Guest Post by Dan Walsh of Kwoff.com.au.
For some time I’ve straddled two digital worlds. My ‘hi geek’ dual monitor setup allows me to read my daily dose of Crikey on one screen and the constant stream of tech news from Digg.com on the other. One world is determined by an editor, the other by the wisdom/madness of crowds. I love both, and cant live without either.
I know I’m not alone.
Australians are serious contributors to, and consumers of, ‘Social News’ sites like Digg. They produce no actual content but act as a digital index that ranks submissions based on votes. Anyone can vote and people can submit whatever they like – blog, picture, video, mainstream news etc. The result is filtered content, ‘wheat from the chaff’ style; it helps sort through the deluge that is online content.
Equally, Australians have taken to new media sites such as Club Troppo and Crikey in droves, our online participation rate is high. Telstra bandwidth issues aside, we are excellent digital citizens.
However, the two worlds arent currently mixing all that well. If i try and apply Australian issues to offshore Social News sites we simply do not rate. Unless Kevin Rudd calls Barack Obama on a gold plated Iphone it doesnt cut thru.
Stephen Mayne and I spent some time discussing this earlier this year and lured Greg Barns on board to help us launch a local Social News experiment called www.kwoff.com.au.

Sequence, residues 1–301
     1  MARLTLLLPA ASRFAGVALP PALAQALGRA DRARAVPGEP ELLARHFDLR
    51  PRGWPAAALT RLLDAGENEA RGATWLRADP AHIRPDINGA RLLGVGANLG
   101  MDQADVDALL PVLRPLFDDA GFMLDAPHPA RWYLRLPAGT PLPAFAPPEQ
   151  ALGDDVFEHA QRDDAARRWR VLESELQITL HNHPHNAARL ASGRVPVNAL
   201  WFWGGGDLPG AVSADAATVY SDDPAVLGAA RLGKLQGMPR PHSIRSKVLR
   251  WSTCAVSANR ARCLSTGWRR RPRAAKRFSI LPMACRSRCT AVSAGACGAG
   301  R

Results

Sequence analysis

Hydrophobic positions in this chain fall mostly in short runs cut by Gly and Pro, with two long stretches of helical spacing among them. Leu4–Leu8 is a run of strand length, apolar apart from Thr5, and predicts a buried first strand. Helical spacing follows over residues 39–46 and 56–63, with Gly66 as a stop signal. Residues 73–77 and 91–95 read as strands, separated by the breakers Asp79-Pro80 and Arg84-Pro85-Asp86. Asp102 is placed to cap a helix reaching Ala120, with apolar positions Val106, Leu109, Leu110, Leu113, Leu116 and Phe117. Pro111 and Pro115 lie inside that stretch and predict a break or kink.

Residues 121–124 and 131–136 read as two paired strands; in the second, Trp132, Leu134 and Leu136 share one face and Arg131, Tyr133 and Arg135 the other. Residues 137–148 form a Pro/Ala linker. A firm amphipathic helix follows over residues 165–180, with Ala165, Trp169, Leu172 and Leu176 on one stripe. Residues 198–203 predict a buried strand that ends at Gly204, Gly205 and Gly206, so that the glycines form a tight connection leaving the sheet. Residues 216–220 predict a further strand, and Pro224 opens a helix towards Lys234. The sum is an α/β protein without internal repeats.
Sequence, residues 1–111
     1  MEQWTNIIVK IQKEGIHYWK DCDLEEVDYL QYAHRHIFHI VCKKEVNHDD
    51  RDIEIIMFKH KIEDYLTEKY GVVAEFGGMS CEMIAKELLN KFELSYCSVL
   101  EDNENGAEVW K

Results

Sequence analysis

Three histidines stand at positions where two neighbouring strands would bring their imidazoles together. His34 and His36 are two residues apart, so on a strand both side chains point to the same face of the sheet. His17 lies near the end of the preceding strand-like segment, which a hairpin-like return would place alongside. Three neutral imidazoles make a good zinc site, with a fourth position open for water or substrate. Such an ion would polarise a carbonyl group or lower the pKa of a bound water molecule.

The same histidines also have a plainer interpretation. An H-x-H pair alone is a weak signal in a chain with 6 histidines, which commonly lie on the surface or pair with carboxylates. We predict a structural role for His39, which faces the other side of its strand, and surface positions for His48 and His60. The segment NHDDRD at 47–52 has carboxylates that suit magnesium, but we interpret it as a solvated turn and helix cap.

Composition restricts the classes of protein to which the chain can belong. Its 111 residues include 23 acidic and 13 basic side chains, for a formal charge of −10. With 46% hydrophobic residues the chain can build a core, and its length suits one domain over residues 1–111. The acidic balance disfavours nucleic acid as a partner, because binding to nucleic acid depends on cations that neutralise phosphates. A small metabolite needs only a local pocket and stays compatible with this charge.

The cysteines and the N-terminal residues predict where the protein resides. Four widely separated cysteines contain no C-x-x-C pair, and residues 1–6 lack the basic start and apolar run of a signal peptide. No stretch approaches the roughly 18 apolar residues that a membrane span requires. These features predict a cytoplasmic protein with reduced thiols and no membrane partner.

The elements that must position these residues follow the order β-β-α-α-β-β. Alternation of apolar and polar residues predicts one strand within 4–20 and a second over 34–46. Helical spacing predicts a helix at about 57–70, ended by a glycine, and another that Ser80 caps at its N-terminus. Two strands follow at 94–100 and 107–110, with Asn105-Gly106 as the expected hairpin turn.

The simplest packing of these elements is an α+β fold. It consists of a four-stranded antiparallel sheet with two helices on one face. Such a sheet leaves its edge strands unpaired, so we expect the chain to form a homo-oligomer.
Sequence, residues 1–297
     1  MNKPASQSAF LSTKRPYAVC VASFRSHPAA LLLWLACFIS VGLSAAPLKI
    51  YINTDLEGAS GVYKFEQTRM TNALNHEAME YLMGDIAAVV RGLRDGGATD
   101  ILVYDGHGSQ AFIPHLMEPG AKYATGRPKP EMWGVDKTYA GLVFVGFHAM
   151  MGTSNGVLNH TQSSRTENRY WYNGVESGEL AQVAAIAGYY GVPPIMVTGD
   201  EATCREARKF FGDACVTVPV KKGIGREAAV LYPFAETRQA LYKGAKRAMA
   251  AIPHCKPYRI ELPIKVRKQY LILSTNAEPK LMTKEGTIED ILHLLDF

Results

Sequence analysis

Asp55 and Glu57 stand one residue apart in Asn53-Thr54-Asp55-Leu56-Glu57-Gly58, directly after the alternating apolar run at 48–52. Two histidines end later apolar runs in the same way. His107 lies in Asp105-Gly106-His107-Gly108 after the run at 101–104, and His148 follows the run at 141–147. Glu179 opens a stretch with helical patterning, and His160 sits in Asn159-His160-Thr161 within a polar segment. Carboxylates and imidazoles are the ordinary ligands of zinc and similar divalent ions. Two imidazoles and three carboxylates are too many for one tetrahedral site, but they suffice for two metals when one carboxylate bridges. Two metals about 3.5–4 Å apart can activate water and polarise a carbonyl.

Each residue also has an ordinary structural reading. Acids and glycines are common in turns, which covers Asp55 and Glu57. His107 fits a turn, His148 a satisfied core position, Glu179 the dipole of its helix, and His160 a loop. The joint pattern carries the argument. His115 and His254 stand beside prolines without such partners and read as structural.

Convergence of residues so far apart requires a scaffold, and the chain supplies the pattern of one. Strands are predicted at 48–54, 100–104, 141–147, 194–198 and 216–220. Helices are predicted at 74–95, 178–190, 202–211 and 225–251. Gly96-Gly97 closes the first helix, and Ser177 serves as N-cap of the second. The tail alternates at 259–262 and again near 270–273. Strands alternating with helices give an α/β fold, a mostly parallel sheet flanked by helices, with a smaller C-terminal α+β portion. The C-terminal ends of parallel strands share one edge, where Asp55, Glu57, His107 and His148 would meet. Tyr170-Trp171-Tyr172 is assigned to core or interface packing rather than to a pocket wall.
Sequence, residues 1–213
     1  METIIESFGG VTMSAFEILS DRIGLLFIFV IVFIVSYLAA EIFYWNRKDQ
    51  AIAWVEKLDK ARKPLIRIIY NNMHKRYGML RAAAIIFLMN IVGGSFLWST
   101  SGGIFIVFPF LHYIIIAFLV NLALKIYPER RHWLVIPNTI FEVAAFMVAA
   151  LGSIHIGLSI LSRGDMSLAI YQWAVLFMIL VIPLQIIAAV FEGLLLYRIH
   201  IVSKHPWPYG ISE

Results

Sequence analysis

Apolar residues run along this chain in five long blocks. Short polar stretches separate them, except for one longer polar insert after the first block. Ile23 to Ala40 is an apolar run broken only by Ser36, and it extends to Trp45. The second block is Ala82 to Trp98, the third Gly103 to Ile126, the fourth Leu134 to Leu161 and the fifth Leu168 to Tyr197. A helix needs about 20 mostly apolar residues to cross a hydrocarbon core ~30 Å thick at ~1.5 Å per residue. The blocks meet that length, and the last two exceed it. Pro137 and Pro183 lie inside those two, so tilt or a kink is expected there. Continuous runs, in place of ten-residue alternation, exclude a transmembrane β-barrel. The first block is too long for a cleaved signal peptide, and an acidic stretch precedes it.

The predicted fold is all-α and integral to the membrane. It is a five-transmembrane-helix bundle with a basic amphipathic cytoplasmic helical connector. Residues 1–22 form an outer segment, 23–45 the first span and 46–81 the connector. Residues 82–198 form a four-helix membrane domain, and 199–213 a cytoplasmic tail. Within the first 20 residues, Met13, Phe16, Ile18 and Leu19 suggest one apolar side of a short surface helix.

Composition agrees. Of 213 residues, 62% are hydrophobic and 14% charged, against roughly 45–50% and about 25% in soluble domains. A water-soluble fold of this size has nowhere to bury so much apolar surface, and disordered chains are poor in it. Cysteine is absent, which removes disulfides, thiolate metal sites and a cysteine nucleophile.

The site has been up for the last month and has attracted some interesting items, users and content, but has a way to go. Club Troppo readers represent Australia’s digital ‘Upper Class’ and we’d love to see you throw a couple of suggestions/brickbats at us.
We hope to evolve the site as we try and position ourselves in a field of similar services, somewhere to the side of MySpace and slightly overlapping Facebook and Del.icio.us (note: i’m an avid del.icio.us user and think it serves Australian users well).
The exciting array of blogs and ezines that have arrived in recent years provide an original, alternative to mainstream news here in Australia. However, they can be hard to find for the uninitiated and time starved. Mainstream news sites, often variations on an AAP theme, provide the easy first and last option for many Australians. I’d like to blur the line between the two.
Social media can present a view of both worlds to those without the time to spend the day searching for interesting online content. Gems can be found on mainstream news sites but many more are buried in the blogosphere, Flickr, YouTube and the like. Collectively we hold the key.